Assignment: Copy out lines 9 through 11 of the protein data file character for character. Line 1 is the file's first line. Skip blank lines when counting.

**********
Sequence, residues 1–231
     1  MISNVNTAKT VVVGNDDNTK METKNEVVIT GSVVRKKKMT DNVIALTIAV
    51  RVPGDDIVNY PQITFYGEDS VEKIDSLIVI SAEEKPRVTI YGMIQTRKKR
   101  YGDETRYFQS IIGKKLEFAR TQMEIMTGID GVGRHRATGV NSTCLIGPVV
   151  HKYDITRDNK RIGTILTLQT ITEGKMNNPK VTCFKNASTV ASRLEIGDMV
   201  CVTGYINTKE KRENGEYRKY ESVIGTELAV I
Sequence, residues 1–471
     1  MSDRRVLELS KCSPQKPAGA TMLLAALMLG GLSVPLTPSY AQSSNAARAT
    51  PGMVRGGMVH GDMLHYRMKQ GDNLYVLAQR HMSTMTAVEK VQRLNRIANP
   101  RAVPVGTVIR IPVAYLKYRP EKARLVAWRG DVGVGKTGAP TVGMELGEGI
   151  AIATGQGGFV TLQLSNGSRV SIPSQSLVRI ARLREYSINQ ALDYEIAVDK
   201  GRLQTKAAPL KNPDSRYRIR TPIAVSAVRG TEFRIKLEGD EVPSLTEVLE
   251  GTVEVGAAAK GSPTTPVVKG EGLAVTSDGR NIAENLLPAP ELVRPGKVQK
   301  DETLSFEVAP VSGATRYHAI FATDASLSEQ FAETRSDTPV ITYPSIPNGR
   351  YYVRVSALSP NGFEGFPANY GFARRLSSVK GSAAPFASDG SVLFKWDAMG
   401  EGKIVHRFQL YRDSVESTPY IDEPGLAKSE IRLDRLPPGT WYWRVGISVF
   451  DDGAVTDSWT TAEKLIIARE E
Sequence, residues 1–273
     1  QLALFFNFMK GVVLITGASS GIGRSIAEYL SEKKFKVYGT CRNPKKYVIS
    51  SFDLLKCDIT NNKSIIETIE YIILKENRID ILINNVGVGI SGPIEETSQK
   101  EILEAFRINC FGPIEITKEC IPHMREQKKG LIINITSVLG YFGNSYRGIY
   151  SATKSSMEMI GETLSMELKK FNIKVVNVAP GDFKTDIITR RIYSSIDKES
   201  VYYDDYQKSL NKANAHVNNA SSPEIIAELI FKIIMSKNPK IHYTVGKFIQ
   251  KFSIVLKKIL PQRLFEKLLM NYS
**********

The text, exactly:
    51  PGMVRGGMVH GDMLHYRMKQ GDNLYVLAQR HMSTMTAVEK VQRLNRIANP
   101  RAVPVGTVIR IPVAYLKYRP EKARLVAWRG DVGVGKTGAP TVGMELGEGI
   151  AIATGQGGFV TLQLSNGSRV SIPSQSLVRI ARLREYSINQ ALDYEIAVDK